Sunday marked the official first day of spring on the calendar here in the northern hemisphere. It's also the beginning of Easter Week. Typically it's a time of hope. Of rebirth.
2016 is also an election year in the US, and this fall, Americans will elect a new president following eight decidedly mixed years under the Obama administration. We have spent the last few years living abroad in France, so this will be our first election here for a couple of cycles.
I would say that spring, 2016 is a time not of hope, but rather one of fear. There is a lot of fear in the air. A lot of recrimination. A lot of anger.
Much of the fear and anger is swirling around Republican presidential candidate Donald Trump. Some of the noise of course comes from his likely opponents in the fall on the Democratic party side; this is of course not surprising. What is more unexpected has been the tone of the attacks, which have been less about policy differences between the Democrats and Republicans, and have instead focused on how Donald Trump is an existential threat to American values themselves; how Donald Trump is unfit to be president. Indeed, on how Mr Trump is practically the verbum caro factum of racist, xenophobic, misogynistic ideas that previously have been confined to the darkest corners of the political zoo.
Equally surprising, these cries have been joined from an increasingly panicked chorus from Trump's fellow Republicans.
Things have gotten even uglier, with "protestors" who have begun to show in numbers and strength at Trump rallies with a thinly-veiled agenda simply to make it impossible for him to speak.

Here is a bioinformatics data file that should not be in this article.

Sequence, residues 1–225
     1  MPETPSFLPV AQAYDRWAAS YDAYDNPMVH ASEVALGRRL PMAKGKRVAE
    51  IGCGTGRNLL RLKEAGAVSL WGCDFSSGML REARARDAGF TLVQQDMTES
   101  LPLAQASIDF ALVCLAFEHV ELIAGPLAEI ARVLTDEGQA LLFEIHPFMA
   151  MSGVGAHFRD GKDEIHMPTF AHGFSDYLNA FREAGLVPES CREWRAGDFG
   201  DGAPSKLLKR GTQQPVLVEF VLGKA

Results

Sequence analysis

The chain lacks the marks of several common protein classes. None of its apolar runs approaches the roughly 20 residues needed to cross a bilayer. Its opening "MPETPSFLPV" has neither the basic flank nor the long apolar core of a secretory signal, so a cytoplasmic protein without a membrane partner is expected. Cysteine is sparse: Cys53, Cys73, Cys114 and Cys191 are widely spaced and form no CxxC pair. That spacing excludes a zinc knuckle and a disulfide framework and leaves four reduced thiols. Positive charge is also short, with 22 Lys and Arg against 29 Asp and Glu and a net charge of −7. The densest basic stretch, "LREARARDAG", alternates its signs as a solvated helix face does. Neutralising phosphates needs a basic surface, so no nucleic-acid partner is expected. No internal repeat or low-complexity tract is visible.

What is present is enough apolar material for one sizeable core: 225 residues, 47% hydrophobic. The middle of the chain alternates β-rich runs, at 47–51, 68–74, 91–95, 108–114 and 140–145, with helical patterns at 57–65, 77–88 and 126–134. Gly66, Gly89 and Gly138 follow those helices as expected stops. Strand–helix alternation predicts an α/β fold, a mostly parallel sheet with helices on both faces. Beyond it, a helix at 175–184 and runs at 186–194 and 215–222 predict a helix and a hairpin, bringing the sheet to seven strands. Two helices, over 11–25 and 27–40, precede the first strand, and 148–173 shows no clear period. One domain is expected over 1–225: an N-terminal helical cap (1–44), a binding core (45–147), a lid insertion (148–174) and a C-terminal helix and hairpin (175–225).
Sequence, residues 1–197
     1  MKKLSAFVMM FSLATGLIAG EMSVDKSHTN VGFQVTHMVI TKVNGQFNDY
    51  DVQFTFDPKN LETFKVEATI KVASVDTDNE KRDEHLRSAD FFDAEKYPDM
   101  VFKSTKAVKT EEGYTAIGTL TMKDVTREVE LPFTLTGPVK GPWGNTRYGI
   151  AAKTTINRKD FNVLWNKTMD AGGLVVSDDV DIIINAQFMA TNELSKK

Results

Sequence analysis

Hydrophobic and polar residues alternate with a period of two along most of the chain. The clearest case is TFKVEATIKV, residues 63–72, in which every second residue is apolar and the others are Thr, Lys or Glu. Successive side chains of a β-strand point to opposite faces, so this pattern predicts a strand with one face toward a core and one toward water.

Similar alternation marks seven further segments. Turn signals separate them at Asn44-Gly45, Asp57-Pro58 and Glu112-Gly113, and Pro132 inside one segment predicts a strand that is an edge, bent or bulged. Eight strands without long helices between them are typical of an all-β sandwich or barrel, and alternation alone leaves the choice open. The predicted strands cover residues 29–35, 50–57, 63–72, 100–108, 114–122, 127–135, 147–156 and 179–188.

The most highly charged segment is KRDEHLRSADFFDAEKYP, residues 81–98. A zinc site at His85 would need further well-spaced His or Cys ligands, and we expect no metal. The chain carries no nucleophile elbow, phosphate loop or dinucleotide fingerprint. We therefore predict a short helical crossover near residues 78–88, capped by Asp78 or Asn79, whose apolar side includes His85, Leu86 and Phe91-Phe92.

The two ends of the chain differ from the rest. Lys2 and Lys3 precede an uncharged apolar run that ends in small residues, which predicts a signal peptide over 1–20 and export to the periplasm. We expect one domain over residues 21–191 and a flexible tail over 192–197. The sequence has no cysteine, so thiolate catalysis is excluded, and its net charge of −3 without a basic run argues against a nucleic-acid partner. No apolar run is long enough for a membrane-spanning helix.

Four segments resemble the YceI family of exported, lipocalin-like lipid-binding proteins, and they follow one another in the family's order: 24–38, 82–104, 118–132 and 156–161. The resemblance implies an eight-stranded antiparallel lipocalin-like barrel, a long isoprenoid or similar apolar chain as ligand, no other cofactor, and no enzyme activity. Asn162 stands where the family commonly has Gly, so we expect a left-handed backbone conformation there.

Let me state in advance that
- I voted for Mr Obama eight years ago during a similar time of chaos and fear, in part because he promised to be something of a uniter who would try to end the foreign wars
- I am not a supporter or fan of Donald Trump, who I think at the least lacks practical experience to be president (CEO of the country is not an entry-level job), and who has thus not articulated any sort of specific, workable plan
That said, looking at screaming protestors on the one hand who make it impossible for Trump to speak, and on the other, to the increasingly ridiculous, paranoid attacks on him and his supporters from the Democrats and Republicans, I'm left more with a set of questions rather than serious thoughts.
Trump's campaign was first greeted with incredulity and jokes - the New York Daily News ran cover stories with Trump caricatured in clown makeup, and his candidacy was mostly covered as a sort of running joke.
Which it was.
Well, the joke thus far has been on the leadership of the crumbling Republican party, who now face the real challenge of whether to accept the likelihood that Trump will be their party banner carrier in November or to continue the quixotic battle to unite behind Ted Cruz or John Kasich as the only two opponents left on the battlefield.
The current Republican leadership have only themselves to blame - the party fielded a pretty poor group of warmed-over candidates (Jeb Bush?), for years have said that tax cuts are the solution to every problem, have more or less ignored the problem of illegal immigration - which has been terrific for their big businesses backers - while talking tough about the border, and have supported a disastrous policy of invade the world/invite the world that has squandered billions of dollars on hopeless foreign wars.